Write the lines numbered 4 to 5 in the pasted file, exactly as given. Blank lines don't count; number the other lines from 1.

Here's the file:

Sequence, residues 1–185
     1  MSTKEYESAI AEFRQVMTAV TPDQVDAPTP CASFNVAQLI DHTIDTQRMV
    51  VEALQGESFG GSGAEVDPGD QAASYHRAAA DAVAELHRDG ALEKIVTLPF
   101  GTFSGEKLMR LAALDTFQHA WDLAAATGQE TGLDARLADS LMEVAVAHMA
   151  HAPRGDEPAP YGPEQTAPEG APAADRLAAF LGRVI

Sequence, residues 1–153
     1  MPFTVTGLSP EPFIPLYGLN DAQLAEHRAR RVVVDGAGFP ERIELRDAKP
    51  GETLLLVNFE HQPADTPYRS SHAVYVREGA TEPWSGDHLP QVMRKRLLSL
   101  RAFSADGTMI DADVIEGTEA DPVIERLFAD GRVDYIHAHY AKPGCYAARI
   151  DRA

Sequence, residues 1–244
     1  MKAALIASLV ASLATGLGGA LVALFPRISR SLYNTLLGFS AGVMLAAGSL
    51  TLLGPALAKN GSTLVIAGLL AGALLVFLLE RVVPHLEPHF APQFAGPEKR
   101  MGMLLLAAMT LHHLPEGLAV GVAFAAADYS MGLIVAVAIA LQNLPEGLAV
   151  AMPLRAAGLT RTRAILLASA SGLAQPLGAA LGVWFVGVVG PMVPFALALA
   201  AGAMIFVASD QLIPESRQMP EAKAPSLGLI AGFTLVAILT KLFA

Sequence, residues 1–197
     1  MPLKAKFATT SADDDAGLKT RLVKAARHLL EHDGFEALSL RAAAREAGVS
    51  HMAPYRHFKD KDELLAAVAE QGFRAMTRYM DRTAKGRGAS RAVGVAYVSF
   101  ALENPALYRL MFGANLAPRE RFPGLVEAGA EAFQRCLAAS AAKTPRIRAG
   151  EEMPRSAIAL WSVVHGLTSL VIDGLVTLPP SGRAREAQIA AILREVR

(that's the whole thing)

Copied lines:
   101  GTFSGEKLMR LAALDTFQHA WDLAAATGQE TGLDARLADS LMEVAVAHMA
   151  HAPRGDEPAP YGPEQTAPEG APAADRLAAF LGRVI